Prince Rainier III (that recently died) has been a brillant business man that made the success of the Principality. He made Monaco the world capital of glamour in the 60's by marrying Hollywood star Grace Kelly. They had 3 children : Albert II (the new Prince), Caroline and Stephanie. But don't forget that you should always call them "SAS" which means "Son Altesse Serenissime" (His/Her Serene Highness ).

    You can't miss the presence of the Grimaldi Family in Monaco, because so many monuments and streets hold their name. Also all the shops have a picture of the Prince.

    The attachement to the Royalty is celebrated every year during the National Feast on 19th November.

    The Grimaldis

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  • daryll's Profile Photo

    Dress code to the Casino

    by daryll Written Dec 1, 2005

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    A big sign standing in the way of entering the casino was actually the sign for people who wish to enter and should know what are the house rules.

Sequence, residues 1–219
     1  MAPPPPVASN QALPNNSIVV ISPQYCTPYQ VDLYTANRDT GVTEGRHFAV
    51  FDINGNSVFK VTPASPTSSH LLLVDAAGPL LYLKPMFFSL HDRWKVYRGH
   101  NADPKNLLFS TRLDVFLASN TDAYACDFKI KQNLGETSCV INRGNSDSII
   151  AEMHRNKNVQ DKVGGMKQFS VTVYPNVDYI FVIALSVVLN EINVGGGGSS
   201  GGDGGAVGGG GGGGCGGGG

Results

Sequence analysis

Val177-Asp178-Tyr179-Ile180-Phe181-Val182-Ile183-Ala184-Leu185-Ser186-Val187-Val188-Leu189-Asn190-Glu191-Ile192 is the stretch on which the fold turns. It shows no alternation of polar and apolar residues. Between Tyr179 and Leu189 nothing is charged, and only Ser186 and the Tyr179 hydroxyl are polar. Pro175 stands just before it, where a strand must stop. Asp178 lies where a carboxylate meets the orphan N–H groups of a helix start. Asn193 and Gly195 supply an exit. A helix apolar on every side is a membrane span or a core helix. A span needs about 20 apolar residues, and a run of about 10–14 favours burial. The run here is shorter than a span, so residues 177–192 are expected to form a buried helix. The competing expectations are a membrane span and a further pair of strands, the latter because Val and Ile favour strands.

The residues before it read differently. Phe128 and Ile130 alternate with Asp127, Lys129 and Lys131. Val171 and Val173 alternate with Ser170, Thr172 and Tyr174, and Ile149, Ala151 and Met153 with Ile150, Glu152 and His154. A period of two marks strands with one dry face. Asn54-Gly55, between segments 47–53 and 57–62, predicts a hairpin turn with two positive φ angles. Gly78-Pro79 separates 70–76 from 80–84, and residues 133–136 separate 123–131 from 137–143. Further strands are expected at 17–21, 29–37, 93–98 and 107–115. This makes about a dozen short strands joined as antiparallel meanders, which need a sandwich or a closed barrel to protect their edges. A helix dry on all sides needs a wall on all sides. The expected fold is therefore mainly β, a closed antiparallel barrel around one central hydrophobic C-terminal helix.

Obviously t-shirt or bikinis entering casino will not be allowed but at least dress smart and formal if you want to play. Unless if you manage to drive a ferrari outside the casino entrance will be another story.

    Follow the rules
    Related to:
    • Casino and Gambling
    • Luxury Travel

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  • Oris's Profile Photo

    the palace royal guard

    by Oris Written Aug 15, 2005

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    Honor, Loyalty and Devotion to Duty is the motto on the flag of the Palace Guards, a group created in 1817 to provide 24-hour security for the Palace, royal residences, the Sovereign Prince and his family.